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The fact that you’re actually altering the surface of your paintwork as you polish needs to be treated with respect. You can draw an analogy with taking sandpaper to the surface of a table. The coarser the sandpaper, the more material you are going to remove. This is fine if the table is old, stained and covered in uneven peeling paintwork. But if you take coarse sandpaper to a table top that is in good nick that just needs a bit of a buff, you are actually going to do more harm than good.

The golden rule is to err on the side of caution and start with a finer cut of polish. Only use the most abrasive cuts for the worst defects that you cannot get out with finer polishes. Also, don’t be tempted to over-polish – do it too often and you will just end up damaging the paintwork. Once a year is usually fine.

Finishing Products

Even the finest polishing compounds and cutting polishes are much more abrasive than the products you will find listed as ‘finishing’ polishes. As the name suggests, finishing products are designed to be used at the end of the polishing process. They don’t offer much ‘cut’ – i.e. don’t expect them to buff out large marks – but they will provide a nice smooth finish and, in many cases, add a layer of protection to your bodywork.

Finishing products come in a number of different varieties and are designed to do different jobs. This is where it is particularly important to understand the products you are buying and get the right one for the task in hand. Some finishers, for example, are designed to give a very lightly abrasive polish to follow on from using a coarser cut – a little like using smooth sandpaper to provide a final buff. Others, like wax and sealants, are intended to protect and seal the new coat you’ve achieved by polishing.

Some finishers, like quick detailing spray, can either be used as a post-polish or they can be used more regularly to give your car a little pick-me-up in between the next full polish. While detailing spray will remove very minor defects in paint, it won’t cut into the paint deep enough to pose any danger of damaging the paintwork. Other products, on the other hand, including pre-wax cleaners, are designed to be used after cutting polishes rather than on their own.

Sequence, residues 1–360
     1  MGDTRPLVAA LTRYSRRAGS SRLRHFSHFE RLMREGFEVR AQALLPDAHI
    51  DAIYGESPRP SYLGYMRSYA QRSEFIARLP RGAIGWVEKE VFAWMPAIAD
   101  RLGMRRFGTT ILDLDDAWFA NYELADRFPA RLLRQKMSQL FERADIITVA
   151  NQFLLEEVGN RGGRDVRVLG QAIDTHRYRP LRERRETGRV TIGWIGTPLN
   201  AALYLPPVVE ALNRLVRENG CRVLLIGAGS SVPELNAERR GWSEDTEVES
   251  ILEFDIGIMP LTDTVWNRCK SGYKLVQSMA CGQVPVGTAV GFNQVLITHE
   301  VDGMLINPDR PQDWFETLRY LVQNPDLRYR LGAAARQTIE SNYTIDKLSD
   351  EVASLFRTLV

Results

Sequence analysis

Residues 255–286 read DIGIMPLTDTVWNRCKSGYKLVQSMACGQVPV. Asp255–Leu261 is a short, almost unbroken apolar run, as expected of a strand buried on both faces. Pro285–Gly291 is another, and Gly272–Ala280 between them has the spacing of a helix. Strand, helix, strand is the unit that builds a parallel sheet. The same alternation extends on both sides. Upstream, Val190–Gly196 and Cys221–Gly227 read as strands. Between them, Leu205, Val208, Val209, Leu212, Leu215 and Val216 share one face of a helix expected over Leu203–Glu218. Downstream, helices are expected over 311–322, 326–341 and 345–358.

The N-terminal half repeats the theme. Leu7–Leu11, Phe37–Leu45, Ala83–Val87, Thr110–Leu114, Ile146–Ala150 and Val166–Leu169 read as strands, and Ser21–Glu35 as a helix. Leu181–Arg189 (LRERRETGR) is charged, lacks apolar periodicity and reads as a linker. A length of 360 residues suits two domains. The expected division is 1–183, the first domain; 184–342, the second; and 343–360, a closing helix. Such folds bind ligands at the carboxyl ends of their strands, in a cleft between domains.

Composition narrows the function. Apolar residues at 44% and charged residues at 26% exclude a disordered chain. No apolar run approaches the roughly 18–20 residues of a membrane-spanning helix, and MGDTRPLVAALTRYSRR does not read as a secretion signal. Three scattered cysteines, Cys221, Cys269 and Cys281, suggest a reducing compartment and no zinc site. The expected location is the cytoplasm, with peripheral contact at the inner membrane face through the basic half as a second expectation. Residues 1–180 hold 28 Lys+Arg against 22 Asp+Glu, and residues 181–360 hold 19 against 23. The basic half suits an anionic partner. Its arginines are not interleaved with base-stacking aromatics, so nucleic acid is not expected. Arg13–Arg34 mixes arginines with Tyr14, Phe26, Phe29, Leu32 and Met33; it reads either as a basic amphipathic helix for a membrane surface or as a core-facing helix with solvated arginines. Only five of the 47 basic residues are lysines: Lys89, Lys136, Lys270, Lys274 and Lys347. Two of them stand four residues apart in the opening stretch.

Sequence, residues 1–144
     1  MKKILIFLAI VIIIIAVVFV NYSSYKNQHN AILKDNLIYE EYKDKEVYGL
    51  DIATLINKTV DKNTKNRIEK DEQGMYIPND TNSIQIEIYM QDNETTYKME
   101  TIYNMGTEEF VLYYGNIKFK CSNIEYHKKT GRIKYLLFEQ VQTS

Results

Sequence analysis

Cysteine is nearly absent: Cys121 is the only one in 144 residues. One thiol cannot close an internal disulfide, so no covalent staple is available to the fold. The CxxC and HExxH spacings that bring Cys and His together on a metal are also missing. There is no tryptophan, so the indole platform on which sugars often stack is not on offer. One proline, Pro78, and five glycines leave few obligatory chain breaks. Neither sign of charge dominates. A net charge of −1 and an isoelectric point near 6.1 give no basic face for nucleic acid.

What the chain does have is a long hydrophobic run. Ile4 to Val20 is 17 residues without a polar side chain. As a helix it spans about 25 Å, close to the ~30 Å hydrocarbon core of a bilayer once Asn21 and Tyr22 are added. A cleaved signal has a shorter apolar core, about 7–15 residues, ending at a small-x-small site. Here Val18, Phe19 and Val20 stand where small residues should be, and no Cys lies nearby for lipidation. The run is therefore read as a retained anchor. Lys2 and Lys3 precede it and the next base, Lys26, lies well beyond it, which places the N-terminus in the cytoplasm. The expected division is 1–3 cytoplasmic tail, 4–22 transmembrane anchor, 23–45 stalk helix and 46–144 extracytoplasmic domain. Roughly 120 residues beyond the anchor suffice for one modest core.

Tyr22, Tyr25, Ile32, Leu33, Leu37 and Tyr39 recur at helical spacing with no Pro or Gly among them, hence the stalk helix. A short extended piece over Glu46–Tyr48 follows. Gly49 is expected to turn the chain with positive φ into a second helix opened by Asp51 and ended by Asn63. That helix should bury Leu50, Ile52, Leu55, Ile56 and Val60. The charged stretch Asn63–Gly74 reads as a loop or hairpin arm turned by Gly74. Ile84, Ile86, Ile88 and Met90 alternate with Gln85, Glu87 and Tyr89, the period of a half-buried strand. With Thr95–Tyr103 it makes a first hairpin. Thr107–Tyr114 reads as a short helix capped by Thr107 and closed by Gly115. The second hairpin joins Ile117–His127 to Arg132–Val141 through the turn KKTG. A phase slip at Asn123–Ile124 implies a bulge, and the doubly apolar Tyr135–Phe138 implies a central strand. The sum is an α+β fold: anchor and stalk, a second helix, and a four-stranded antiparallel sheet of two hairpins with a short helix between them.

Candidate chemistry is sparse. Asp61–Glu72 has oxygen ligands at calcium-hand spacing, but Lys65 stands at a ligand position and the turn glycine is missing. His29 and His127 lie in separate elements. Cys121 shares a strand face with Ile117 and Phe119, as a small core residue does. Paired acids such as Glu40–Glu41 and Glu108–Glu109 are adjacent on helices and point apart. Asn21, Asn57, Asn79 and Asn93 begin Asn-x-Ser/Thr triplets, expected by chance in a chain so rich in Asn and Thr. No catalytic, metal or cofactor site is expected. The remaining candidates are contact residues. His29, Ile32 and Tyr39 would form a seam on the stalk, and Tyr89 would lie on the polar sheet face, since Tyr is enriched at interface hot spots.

Waxes and sealants are used at the very final stage of the polishing process, with the advice being that you should thoroughly clean your vehicle and let it dry in between applying a finishing polish and a wax or sealant.

Both do the same job broadly speaking – protecting the surface of your paintwork from things that will damage it chemically, like road pollution, bird droppings, tree sap etc. Wax is best reapplied on a regular basis, whereas sealants will last for anything up to a year.

Waxes and sealants both come in a number of forms. Car waxes are available as pastes, sprays and liquids, while sealants come as sprays and liquids. Sprays have the advantage of being easy to apply, but liquids are more concentrated and will go further. Paste waxes, meanwhile, take a bit more effort to apply but will last longer than other types of wax.

Find out more about finishing products, polishes and other car detailing solutions at Slim’s.